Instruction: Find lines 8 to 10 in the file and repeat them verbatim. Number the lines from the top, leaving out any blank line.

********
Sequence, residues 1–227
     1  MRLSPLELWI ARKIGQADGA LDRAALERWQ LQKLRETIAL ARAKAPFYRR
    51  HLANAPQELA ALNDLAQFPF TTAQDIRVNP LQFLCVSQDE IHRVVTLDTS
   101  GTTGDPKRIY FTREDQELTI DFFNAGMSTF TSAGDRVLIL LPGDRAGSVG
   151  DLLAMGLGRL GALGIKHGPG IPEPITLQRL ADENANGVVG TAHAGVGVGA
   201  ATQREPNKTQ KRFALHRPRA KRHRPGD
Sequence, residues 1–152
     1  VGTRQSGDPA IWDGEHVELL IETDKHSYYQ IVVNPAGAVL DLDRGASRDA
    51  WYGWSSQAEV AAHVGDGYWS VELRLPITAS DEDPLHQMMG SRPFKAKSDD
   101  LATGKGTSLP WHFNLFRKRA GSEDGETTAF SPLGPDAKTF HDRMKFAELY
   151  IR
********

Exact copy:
     1  VGTRQSGDPA IWDGEHVELL IETDKHSYYQ IVVNPAGAVL DLDRGASRDA
    51  WYGWSSQAEV AAHVGDGYWS VELRLPITAS DEDPLHQMMG SRPFKAKSDD
   101  LATGKGTSLP WHFNLFRKRA GSEDGETTAF SPLGPDAKTF HDRMKFAELY